The long and short of IT talent

The long and short of IT talent

Lay reaction to Singapore's huge shortage of information and communications technology professionals would border on the incredulous. By next year, there could be a shortfall of almost 30,000 such workers, according to the Infocomm Development Authority (IDA). How could a jobs and skills mismatch on this scale have developed, when it was plain in recent decades that the world is being increasingly driven by such technologies? Software runs through many aspects of a nation's and an individual's life, and an Internet layer exists in not just applications but also things.

To the public, this might represent a failure of training institutions to adequately meet market demand for IT skills, and of job seekers to make the right investments in their human capital to take advantage of booming opportunities. Indeed, these have grown since 2014 when Singapore set itself the goal of becoming a "smart nation", articulated in various ways like harnessing data and linking diverse operations to improve overall efficiency.

To put things in perspective, the imbalance of demand and supply is a global phenomenon and many countries are struggling to cope with the need for IT professionals in many sectors - administration, finance, health, communications, transport, defence and others. Alongside these, new areas like data analytics have arisen which go beyond the usual skills associated with computer programmers, information system analysts and software engineers. There's demand now for teams who can tap data science, for example, to offer customised content, consumer and entertainment tips, and tailored advertising. This calls for a mix of skills in "computer science, statistics, operations research, engineering, business insights and strategy", as noted by video game provider Zynga's chief data officer.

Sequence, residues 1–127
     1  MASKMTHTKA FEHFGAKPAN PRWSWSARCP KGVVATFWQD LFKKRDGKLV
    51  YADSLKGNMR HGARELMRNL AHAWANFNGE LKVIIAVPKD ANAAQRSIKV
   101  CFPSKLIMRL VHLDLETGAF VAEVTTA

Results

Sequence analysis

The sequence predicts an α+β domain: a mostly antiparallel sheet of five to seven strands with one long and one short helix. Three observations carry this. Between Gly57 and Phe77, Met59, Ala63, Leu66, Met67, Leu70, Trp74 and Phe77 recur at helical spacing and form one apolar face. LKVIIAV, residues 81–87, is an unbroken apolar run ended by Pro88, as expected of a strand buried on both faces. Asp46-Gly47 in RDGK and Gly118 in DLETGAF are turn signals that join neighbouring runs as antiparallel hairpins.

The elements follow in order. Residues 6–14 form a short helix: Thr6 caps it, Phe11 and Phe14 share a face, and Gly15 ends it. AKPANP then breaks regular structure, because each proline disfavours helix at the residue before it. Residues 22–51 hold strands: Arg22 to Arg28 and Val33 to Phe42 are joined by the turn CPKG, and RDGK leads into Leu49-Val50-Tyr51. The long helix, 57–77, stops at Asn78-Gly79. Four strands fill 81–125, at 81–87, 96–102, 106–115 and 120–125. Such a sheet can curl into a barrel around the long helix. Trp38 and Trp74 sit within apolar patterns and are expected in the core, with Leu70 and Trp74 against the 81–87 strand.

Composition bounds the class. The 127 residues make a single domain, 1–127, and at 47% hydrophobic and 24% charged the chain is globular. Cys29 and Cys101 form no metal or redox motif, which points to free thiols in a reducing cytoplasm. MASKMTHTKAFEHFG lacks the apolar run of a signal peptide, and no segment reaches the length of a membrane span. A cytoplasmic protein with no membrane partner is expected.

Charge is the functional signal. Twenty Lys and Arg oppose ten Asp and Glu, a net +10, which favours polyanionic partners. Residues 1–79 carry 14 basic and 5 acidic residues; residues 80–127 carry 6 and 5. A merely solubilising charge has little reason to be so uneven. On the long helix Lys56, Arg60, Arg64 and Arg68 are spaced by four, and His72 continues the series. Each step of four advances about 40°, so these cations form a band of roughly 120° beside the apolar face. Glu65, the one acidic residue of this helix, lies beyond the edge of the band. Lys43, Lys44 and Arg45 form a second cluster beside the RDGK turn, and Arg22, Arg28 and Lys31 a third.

Is it any wonder, therefore, that local businesses are struggling to find workers with the right combination of specialised skills for tech-related jobs. To ease the crunch, IDA is working with companies to take in more polytechnic graduates who can be trained for specialist roles. Elsewhere, firms are forming alliances for this purpose. For example, American tech company Symantec is working with India-based National Association of Software and Services Companies to develop skilled and certified cyber-security professionals.

Tech firm Cisco had earlier estimated that one million cyber-security jobs are being left unfilled worldwide. And a Digital Skills Committee told Britain's House of Lords in 2014 that this global shortage will grow to two million by next year. Clearly, Singapore cannot afford to let such shortfalls compromise its cyber defences and erode a core Singaporean presence in critical IT fields. That is why closing that skills-jobs gap ought to be a concern of society too, not just tech businesses.

This article was first published on Feb 17, 2016.
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